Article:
During this period, Schikaneder was an artistic associate of Ludwig van Beethoven, who for a time attempted to set Schikaneder's libretto Vestas Feuer ("Vesta's Fire") as an opera. Beethoven lived in rooms in the Theater an der Wien during this time at Schikaneder's invitation, and continued there for a while as he switched his efforts in operatic composition to his Fidelio.

In 1804, the Theater an der Wien was sold to Baron Peter von Braun who immediately dismissed his archrival. Schikaneder left Vienna to work in Brno and Steyr. His life took a catastrophic turn starting in 1811. First, after economic problems caused by war and an 1811 currency devaluation, he lost most of his fortune. Then, in 1812, during a journey to Budapest to take up a new post, Schikaneder was stricken with insanity. He died in poverty on 21 September 1812, aged 61, in Vienna.

Schikaneder wrote a total of about 55 theatre pieces and 44 libretti.


Two of Schikaneder's relatives also worked as singers.

  • Urban Schikaneder (1746-1818), a bass, was Emanuel's older brother. He was born in Regensburg on 2 November 1746, and worked for a number of years in his brother's troupe, both as a singer and in helping to administer the group. At the premiere of The Magic Flute, he sang the role of the First Priest.[3]
  • Anna Schikaneder, (1767-1862) also called "Nanny" or "Nanette", was Urban's daughter. At age 24 she sang the role of the First Boy in The Magic Flute. Later in her career she moved to the opera company of the Theater in der Leopoldstadt, where she took on the role Queen of the Night in the same opera, among other roles. In later years she became blind, and lived in Freising.[4]

One of Urban's descendants is Jakub Schikaneder (1855-1924), a well known Czech painter.

Schikaneder's illegitimate son Franz Schikaneder (1802-1877) was a blacksmith in the service of emperor Ferdinand I of Austria. He had two daughters, Franziska and Catharina, of whom the latter died on 28 November 1914 in Vienna.[5]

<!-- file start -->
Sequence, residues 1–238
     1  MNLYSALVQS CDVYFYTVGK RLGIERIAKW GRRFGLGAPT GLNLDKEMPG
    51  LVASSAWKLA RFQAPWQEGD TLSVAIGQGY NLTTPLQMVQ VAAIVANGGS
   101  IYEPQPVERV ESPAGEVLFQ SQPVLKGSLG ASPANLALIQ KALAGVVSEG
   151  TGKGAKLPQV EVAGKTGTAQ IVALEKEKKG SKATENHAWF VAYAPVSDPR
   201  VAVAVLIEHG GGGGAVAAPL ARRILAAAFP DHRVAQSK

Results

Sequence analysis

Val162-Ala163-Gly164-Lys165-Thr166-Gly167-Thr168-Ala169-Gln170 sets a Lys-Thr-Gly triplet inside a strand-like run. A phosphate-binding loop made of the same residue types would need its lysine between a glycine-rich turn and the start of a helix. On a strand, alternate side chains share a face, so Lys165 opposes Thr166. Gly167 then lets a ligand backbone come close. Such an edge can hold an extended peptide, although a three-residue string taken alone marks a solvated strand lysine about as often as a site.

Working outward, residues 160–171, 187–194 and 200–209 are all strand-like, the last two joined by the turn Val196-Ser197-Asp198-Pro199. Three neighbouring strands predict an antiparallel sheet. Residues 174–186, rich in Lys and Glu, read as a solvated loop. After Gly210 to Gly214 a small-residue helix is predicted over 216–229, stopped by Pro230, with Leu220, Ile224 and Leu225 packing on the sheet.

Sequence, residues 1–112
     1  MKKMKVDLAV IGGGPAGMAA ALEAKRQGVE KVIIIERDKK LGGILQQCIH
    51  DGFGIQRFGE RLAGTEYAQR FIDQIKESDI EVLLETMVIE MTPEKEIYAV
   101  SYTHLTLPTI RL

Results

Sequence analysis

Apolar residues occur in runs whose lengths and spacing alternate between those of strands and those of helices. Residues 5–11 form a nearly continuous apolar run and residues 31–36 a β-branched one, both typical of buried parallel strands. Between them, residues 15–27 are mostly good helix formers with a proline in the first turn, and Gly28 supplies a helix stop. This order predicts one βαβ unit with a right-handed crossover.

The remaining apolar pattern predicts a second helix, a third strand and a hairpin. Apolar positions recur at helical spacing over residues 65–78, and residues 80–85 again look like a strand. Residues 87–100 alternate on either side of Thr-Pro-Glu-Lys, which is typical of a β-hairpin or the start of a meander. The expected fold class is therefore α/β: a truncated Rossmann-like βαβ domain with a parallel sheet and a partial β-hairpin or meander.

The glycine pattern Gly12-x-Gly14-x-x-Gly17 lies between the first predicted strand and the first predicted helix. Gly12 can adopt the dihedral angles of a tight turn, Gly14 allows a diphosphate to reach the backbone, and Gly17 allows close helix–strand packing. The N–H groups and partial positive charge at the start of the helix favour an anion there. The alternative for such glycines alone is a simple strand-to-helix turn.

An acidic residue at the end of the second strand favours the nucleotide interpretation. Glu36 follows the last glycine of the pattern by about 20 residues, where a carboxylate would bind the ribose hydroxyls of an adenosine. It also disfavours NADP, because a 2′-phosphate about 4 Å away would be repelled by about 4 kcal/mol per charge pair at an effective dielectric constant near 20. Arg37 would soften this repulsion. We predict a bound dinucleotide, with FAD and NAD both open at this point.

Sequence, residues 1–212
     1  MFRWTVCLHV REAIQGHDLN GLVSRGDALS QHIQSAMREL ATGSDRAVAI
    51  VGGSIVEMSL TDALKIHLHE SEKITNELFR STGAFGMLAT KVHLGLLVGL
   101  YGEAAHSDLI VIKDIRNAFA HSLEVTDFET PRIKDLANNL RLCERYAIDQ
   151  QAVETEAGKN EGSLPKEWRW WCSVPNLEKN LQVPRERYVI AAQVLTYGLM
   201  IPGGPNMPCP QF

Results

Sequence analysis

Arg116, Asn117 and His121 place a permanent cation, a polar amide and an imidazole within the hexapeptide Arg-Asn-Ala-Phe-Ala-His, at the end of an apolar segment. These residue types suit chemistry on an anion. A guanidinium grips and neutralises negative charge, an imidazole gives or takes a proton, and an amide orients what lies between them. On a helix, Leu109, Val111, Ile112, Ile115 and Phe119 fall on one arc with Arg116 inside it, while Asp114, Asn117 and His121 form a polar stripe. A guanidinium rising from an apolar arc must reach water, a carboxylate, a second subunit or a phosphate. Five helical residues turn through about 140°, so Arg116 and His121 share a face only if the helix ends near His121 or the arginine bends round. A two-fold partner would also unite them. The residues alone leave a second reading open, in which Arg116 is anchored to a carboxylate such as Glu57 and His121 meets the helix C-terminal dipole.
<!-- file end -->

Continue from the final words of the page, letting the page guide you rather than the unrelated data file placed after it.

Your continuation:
1. ^ Buch, 1997
  2. ^ According to records, Sebastian Meyer was not employed by the Schikaneder troupe until 1793, two years after the premiere of Die Zauberflöte. However, he was the second husband of Josepha Hofer who, as the first Queen of the Night, was certainly present. For skeptical comment on these tales, see Branscombe (1965).
  3. ^ Grove, "Schikaneder"
  4. ^ Grove, "Schikaneder"
  5. ^ Lorenz, 2008, pp. 32-34.


  • Most of the information above is taken from the New Grove Dictionary of Music and Musicians, available in many libraries and as a paid site online. But many libraries and universities have Grove in their e-sources offers.
  • Branscombe, Peter (1965) "Die Zauberflöte: Some Textual and Interpretative Problems," Proceedings of the Royal Musical Association 45-63.
  • Buch, David (1997) "Mozart and the Theater auf der Wieden: New Attributions and Perspectives," Cambridge Opera Journal, pp. 195-232.
  • Deutsch, Otto Erich (1965) Mozart: A Documentary Biography; English translations by Eric Blom, Peter Branscombe, and Jeremy Noble, Stanford, CA: Stanford University Press. This book contains many mentions of Schikaneder from first-hand sources. The stories from Ignaz Franz Castelli were taken by Deutsch from Castelli's 1861 memoirs.
  • Lorenz, Michael: "Neue Forschungsergebnisse zum Theater auf der Wieden und Emanuel Schikaneder", Wiener Geschichtsblätter 4/2008, (Vienna: Verein für Geschichte der Stadt Wien, 2008), pp. 15-36.

External links



Got something to say? Make a comment.
Your name
Your email address